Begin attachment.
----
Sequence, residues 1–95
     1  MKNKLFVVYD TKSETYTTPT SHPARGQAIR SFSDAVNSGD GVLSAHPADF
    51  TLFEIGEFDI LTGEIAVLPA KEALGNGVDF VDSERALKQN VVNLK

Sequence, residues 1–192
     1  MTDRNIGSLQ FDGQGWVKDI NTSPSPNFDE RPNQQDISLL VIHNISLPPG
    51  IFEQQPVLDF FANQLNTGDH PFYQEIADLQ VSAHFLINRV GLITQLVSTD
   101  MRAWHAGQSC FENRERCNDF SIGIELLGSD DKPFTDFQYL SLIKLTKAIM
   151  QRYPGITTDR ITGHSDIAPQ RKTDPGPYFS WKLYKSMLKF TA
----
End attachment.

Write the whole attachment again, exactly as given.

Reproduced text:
Sequence, residues 1–95
     1  MKNKLFVVYD TKSETYTTPT SHPARGQAIR SFSDAVNSGD GVLSAHPADF
    51  TLFEIGEFDI LTGEIAVLPA KEALGNGVDF VDSERALKQN VVNLK

Sequence, residues 1–192
     1  MTDRNIGSLQ FDGQGWVKDI NTSPSPNFDE RPNQQDISLL VIHNISLPPG
    51  IFEQQPVLDF FANQLNTGDH PFYQEIADLQ VSAHFLINRV GLITQLVSTD
   101  MRAWHAGQSC FENRERCNDF SIGIELLGSD DKPFTDFQYL SLIKLTKAIM
   151  QRYPGITTDR ITGHSDIAPQ RKTDPGPYFS WKLYKSMLKF TA